Acute kidney injury (AKI) has been associated with patients who have COVID-19; however, prior to this study, the occurrence of AKI had not been compared to hospitalized patients without the viral infection to ascertain if there were unique risks for the patients who had AKI with COVID-19. Fisher and colleagues (2020) conducted a retrospective, observational study to explore the incidence, risk factors, and outcomes of AKI for 3345 adults with COVID-19 and 1265 patients without the illness. The study was conducted in a large New York City health care system from March 11 to April 26, 2020, in which the authors used an historical cohort of 9859 patients hospitalized the previous year over the approximate same time frame for comparison. The Bronx, where the study took place, had the highest number of COVID-19 cases per 100,000 population of the five boroughs of New York City. The Bronx is identified as one of the poorest urban communities in the nation, with excess mortality arising from heart disease, stroke, and diabetes. As such, the population was at increased risk for COVID-19 and its possible complications.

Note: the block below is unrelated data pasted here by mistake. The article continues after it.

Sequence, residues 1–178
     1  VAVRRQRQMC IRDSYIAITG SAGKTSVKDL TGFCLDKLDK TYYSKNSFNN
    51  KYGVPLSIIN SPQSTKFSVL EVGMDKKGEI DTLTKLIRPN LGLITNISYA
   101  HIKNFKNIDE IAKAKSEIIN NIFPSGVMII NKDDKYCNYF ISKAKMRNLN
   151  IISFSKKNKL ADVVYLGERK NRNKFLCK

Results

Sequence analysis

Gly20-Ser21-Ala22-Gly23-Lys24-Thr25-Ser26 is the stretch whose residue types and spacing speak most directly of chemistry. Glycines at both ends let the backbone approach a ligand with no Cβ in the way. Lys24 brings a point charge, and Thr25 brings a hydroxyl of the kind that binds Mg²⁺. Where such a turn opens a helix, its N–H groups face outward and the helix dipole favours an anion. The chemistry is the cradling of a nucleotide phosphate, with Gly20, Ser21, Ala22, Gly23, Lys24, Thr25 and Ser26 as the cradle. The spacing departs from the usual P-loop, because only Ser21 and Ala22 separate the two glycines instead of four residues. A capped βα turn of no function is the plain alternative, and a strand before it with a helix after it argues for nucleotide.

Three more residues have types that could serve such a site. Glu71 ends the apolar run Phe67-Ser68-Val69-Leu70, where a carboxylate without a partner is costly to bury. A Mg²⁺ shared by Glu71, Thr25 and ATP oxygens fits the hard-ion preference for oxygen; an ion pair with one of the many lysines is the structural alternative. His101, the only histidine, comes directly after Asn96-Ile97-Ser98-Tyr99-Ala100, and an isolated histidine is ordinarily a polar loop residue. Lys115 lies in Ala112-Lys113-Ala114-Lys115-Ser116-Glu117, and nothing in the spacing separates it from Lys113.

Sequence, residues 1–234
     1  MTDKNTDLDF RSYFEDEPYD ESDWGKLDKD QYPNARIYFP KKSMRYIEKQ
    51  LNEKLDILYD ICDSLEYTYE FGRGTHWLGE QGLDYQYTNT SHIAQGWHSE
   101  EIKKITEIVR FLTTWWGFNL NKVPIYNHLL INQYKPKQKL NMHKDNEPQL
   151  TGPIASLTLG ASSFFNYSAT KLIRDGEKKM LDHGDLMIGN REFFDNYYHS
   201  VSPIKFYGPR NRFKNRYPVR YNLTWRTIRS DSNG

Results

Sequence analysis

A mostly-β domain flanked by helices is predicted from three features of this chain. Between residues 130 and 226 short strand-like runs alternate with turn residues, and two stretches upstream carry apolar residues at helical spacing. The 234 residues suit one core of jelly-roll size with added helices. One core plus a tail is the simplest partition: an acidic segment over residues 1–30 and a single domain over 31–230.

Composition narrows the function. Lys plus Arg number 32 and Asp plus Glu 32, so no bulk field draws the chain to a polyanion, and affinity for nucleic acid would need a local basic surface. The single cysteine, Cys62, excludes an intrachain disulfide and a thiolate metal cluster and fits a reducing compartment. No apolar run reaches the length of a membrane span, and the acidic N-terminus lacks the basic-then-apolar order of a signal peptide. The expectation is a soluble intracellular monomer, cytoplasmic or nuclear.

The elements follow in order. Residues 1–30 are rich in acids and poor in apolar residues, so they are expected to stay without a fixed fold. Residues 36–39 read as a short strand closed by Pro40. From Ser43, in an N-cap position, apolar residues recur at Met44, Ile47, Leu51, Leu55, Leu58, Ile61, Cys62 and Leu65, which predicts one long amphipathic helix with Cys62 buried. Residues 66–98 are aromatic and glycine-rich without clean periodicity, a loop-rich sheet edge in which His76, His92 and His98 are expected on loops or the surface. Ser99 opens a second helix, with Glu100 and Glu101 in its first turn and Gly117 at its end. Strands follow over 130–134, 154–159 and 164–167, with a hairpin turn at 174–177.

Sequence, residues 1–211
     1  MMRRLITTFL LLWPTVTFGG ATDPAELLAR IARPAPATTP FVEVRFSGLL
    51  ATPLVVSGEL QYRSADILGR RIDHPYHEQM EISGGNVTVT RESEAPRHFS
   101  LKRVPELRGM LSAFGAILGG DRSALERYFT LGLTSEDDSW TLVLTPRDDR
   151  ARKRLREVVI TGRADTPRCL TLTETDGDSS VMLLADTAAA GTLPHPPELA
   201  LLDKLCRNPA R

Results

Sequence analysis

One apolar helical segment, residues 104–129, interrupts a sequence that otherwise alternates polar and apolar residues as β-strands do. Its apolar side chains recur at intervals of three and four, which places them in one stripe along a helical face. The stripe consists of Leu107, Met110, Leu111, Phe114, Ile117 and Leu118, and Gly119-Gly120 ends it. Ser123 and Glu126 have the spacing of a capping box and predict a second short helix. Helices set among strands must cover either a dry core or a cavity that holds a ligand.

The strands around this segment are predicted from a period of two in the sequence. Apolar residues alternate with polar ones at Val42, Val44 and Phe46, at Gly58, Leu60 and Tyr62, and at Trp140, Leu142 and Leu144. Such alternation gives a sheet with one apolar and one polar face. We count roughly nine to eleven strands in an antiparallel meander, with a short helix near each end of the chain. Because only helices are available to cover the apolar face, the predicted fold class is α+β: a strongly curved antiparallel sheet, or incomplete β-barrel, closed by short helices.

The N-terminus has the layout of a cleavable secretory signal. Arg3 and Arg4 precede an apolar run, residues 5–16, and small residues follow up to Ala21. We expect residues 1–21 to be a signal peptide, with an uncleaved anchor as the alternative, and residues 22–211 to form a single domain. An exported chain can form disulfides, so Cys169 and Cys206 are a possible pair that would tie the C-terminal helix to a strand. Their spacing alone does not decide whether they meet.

Study Criteria

Study inclusion required patients to be 18 years of age, not have known ESKD, and have a positive test for the viral infection upon admission. Excluded were those with unknown creatinine values and one patient with an unknown sex assignment. Sociodemographic variable data (age, sex, race/ethnicity, and socioeconomic status) were extracted, plus a variable, "crowding," meaning the number of people in a household based upon census tract data of more than 1.5 occupants per room in the dwelling. Comorbidity data included obesity using body mass index, diabetes mellitus, CKD, congestive heart failure, lung disease, HIV/AIDS, malignancy, and rheumatologic disease.

Using a change from baseline creatinine, an increase of 0.3 mg/dL or greater than a 50% increase in serum creatinine to the maximum level during hospitalization met the criteria for AKI. The lowest creatinine during hospitalization was used for the baseline when a pre-hospitalization level was unknown. AKI staging was done using the Kidney Disease Improving Global Outcomes (KDIGO) criteria. When patients required KRT, they were classified as AKI Stage 3. Urine volumes were not included as a parameter because they were not consistently collected.


More than half of the subjects in the COVID-19-positive group were men, and 16.4% of those were nursing home residents. Black and Hispanic males comprised the largest proportion of the cohort; other risk factors included obesity, diabetes mellitus, and being below the state's median socioeconomic status. In contrast, those who were COVID-19-negative were younger, more likely female, had a lower incidence of obesity, and fewer resided in nursing homes. COVID-19-positive patients with AKI had the same risk factors as described above. "Patients with AKI but negative for COVID-19 had similar patterns of association, demonstrating older age, a higher prevalence of comorbidities, and a higher proportion of men compared to those without AKI" (Fisher et al., 2020, p. 2148).